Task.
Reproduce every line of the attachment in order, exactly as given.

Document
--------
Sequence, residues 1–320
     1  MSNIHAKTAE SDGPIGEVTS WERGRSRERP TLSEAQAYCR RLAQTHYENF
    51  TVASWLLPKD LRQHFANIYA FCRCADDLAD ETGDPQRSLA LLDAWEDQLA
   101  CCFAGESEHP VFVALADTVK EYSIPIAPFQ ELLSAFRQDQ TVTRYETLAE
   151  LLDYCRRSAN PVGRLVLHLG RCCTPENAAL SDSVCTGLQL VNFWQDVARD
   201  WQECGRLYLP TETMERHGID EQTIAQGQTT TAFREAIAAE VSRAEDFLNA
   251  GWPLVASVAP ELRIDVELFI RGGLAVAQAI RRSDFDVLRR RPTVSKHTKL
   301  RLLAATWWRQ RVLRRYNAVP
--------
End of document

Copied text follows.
Sequence, residues 1–320
     1  MSNIHAKTAE SDGPIGEVTS WERGRSRERP TLSEAQAYCR RLAQTHYENF
    51  TVASWLLPKD LRQHFANIYA FCRCADDLAD ETGDPQRSLA LLDAWEDQLA
   101  CCFAGESEHP VFVALADTVK EYSIPIAPFQ ELLSAFRQDQ TVTRYETLAE
   151  LLDYCRRSAN PVGRLVLHLG RCCTPENAAL SDSVCTGLQL VNFWQDVARD
   201  WQECGRLYLP TETMERHGID EQTIAQGQTT TAFREAIAAE VSRAEDFLNA
   251  GWPLVASVAP ELRIDVELFI RGGLAVAQAI RRSDFDVLRR RPTVSKHTKL
   301  RLLAATWWRQ RVLRRYNAVP